But for now, thanks to Michael I am well past the 90% recovery mark, and find my effectiveness in the shop at almost 100%.  To top it all off, my left arm and hand are by necessity much more facile than they were a mere six months ago, in the end yielding greater aggregate hand skill than I started with.

How much more blessing can a fellow take?

Mark Arnold on North Bennet, SAPFM & Sgraffito – 360w360 E.229

360 WoodWorking - Thu, 04/27/2017 - 4:10am
Mark Arnold on North Bennet, SAPFM & Sgraffito – 360w360 E.229

In this episode of 360 with 360WoodWorking Mark Arnold of Boston Woodworking discusses his time at North Bennet Street School, editing and writing for American Period Furniture and a woodworking technique known as sgraffito, which he’s teaching at the Marc Adams School of Woodworking in late June 2017.

Join 360 Woodworking every Thursday for a lively discussion on everything from tools to techniques to wood selection (and more). Glen talks with various guests about all things woodworking and some things that are slightly off topic.

Continue reading Mark Arnold on North Bennet, SAPFM & Sgraffito – 360w360 E.229 at 360 WoodWorking.

William, you have a good knowledge of Japanese woodworking tools even though you are base in America. I am from Borobudur, Indonesia but based in Thailand and Singapore. I like to ask where can I see your portoflio work that is done by Japanese tools....

Giant Cypress - Thu, 04/27/2017 - 3:58am

Thanks for reading! I really appreciate it.

I don’t really have a portfolio of the stuff I’ve built, but this is probably the nicest thing I’ve made so far. It’s a Bible box, an item that was common for 18th century Colonial American households to have, especially in the Pennsylvania region. Despite the western design, I made this all with Japanese tools.

image

I’ve only been in Singapore once, and that was for a meeting for work, so I didn’t have time to scope out woodworking resources. One thing I would highly suggest is to join a local woodworking club. Even if no one uses Japanese hand tools in particular, someone there will be into hand tools, and you can learn a lot that way. The internet is great, but there is nothing like seeing woodworking done in person to help you out.

Honey Dipper-000-Lathe Project 

Hillbilly Daiku - Wed, 04/26/2017 - 7:00pm

In my ongoing quest to learn to turn and, to a lesser extent, shrink my mountain of offcuts I present the next beginner project that I have tackled.  The Honey Dipper.

There is not much to say about the honey dipper, the name pretty well sums it up.  It is another simple lathe project that lends itself to beginner success.  There is ample opportunity for practice with basic shaping and working with the parting tool.  The honey dipper can be any shape or size that your imagination can contrive or available material will support.  However, I thought I should at least set forth a goal.  Part of the skill building for me is to develope the ability to execute whatevere desired shape and size that I want.  To that end, I worked up a design drawing for a simple honey dipper.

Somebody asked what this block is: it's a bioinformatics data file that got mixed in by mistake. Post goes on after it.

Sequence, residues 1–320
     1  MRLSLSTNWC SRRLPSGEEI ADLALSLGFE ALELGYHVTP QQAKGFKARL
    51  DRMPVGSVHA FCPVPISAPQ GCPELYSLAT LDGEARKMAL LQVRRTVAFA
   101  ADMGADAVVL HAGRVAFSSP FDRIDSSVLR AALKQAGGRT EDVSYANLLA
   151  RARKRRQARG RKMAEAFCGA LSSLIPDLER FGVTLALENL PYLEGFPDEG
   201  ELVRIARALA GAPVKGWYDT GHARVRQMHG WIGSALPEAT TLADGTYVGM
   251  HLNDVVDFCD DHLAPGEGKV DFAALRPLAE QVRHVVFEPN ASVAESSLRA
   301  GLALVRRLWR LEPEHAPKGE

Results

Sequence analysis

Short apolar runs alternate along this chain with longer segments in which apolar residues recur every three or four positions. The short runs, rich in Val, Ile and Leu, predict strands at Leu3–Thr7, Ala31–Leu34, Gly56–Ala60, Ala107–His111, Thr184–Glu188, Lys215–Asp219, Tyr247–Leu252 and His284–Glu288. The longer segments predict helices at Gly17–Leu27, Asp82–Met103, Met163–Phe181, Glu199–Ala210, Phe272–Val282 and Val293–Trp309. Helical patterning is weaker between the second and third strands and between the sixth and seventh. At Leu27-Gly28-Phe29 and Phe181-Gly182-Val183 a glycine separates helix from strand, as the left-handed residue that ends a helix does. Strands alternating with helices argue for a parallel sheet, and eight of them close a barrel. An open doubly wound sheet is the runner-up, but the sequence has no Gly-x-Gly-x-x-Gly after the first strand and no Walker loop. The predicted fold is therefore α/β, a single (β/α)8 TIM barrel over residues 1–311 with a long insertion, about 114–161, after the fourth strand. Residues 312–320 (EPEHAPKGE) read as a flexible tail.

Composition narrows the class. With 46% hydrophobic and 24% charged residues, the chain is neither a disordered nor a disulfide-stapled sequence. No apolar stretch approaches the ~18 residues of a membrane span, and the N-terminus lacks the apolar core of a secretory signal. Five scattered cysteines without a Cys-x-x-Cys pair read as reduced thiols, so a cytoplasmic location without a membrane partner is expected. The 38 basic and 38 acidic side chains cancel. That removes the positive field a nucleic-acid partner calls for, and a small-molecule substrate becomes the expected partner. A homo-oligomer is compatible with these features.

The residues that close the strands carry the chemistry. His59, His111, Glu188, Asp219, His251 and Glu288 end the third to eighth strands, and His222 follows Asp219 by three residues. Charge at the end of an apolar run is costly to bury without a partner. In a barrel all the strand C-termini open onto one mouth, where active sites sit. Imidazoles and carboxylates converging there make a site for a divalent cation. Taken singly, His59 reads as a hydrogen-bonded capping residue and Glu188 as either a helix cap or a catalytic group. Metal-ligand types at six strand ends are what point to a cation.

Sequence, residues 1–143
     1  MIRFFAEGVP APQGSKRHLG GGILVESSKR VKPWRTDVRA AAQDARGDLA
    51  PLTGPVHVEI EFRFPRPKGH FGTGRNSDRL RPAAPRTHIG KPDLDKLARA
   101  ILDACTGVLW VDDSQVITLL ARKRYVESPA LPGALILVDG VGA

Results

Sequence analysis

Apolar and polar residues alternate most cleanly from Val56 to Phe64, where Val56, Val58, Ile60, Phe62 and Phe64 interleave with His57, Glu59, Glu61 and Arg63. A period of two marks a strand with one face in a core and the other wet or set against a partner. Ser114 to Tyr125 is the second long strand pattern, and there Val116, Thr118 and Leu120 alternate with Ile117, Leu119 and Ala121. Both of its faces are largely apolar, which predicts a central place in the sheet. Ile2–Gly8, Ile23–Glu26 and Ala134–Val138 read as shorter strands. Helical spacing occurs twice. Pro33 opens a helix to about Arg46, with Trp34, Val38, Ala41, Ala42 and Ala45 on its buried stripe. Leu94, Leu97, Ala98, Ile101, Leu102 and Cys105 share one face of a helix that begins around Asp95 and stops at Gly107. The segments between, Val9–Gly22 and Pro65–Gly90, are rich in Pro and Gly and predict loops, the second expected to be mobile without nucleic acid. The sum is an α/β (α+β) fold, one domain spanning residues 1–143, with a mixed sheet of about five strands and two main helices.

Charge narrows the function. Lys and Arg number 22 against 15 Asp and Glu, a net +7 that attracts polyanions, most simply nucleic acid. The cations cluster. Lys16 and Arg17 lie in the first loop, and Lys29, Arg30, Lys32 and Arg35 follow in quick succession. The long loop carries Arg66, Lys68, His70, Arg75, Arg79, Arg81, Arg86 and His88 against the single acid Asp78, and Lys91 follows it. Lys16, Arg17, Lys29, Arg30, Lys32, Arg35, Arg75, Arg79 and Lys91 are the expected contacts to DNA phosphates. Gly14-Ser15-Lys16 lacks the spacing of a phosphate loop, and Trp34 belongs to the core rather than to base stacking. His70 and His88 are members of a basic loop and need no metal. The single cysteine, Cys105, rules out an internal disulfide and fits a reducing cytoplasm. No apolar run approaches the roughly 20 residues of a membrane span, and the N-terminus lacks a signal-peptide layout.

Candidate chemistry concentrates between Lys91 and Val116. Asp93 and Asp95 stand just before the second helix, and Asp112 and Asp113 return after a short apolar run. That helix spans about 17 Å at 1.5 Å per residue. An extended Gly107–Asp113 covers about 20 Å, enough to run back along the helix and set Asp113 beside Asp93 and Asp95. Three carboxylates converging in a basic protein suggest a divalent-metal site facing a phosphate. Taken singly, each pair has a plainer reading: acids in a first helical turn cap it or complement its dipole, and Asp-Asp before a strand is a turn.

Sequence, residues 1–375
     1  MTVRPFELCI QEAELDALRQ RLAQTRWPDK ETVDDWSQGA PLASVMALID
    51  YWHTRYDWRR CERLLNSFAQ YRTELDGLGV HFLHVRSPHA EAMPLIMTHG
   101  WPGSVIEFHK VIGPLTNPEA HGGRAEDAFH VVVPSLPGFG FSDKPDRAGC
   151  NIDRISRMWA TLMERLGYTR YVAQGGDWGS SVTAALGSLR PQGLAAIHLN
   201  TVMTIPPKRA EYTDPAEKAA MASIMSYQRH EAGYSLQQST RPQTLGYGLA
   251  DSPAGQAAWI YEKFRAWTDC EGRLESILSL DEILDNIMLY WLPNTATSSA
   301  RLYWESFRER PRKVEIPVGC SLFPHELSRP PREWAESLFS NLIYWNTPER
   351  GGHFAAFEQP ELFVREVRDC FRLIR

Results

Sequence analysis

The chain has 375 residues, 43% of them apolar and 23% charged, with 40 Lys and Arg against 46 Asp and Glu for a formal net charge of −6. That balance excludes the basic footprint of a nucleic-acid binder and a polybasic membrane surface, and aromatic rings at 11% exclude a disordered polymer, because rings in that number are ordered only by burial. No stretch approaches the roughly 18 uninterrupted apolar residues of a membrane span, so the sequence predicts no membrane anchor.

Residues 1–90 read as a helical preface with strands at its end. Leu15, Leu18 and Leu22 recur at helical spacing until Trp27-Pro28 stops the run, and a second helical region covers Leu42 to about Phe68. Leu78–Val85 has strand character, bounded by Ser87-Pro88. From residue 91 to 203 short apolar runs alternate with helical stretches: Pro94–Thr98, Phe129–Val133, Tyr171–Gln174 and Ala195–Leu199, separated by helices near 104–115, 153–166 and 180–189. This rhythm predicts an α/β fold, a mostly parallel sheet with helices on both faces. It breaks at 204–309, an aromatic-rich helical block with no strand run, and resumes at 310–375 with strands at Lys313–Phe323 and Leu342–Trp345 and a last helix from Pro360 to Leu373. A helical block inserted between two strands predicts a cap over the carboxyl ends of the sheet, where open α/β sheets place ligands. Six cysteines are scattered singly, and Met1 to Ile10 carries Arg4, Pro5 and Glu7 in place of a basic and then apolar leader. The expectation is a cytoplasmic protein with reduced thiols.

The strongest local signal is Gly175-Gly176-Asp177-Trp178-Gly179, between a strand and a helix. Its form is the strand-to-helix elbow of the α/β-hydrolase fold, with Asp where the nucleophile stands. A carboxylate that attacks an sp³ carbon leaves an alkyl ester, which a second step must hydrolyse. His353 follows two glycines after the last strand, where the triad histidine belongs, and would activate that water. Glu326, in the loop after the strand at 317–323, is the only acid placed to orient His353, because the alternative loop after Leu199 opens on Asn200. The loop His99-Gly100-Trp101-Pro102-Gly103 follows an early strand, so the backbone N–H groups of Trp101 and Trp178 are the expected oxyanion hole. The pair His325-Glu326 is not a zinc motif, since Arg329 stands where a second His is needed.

I’m not going to show photos of the progression.  What I will show are the first two honey dippers that I have turned on the lathe.  The first one is the prototype prior to the design drawing.

Here is my first attempt at matching the design drawing.

As you can see, its not an exacting execution.  It is, however, a perfectly acceptable and functional honey dipper.  I’ll keep trying.

This is one of those quick 15-20 minute projects that can be done whenever I just want a few minutes in the shop.  I need to find a basket or build a box to start collecting these type of projects in.  I think they will come in handy as gifts.

Anyway, there you go.  Another simple beginner project for those of us just starting out and possibly a fun quick project for you experienced turners.

Greg Merritt


Categories: Hand Tools

Pole Lathe Notes-3

Hillbilly Daiku - Wed, 04/26/2017 - 5:25pm

Well the leather sewing machine belt drive cord gave up the ghost.  A little disappointing that it only lasted about three weeks of moderate use.  Rather than waste my remaining leather cord, I made a trip to the Big Box and bought a fifty foot hank of 7mm solid braid polyester cord.  I let you know how this stuff holds up.